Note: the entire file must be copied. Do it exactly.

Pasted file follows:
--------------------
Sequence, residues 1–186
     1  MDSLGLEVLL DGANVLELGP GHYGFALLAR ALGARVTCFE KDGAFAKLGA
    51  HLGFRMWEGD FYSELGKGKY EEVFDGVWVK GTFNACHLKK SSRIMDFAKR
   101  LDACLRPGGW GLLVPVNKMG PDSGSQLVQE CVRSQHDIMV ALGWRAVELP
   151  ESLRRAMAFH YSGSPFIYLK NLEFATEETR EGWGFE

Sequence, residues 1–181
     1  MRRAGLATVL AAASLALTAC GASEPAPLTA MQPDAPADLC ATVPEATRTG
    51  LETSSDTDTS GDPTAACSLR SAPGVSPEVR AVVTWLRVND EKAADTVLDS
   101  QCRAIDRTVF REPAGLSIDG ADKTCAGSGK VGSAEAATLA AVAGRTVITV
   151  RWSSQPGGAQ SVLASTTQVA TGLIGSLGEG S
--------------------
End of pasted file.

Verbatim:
Sequence, residues 1–186
     1  MDSLGLEVLL DGANVLELGP GHYGFALLAR ALGARVTCFE KDGAFAKLGA
    51  HLGFRMWEGD FYSELGKGKY EEVFDGVWVK GTFNACHLKK SSRIMDFAKR
   101  LDACLRPGGW GLLVPVNKMG PDSGSQLVQE CVRSQHDIMV ALGWRAVELP
   151  ESLRRAMAFH YSGSPFIYLK NLEFATEETR EGWGFE

Sequence, residues 1–181
     1  MRRAGLATVL AAASLALTAC GASEPAPLTA MQPDAPADLC ATVPEATRTG
    51  LETSSDTDTS GDPTAACSLR SAPGVSPEVR AVVTWLRVND EKAADTVLDS
   101  QCRAIDRTVF REPAGLSIDG ADKTCAGSGK VGSAEAATLA AVAGRTVITV
   151  RWSSQPGGAQ SVLASTTQVA TGLIGSLGEG S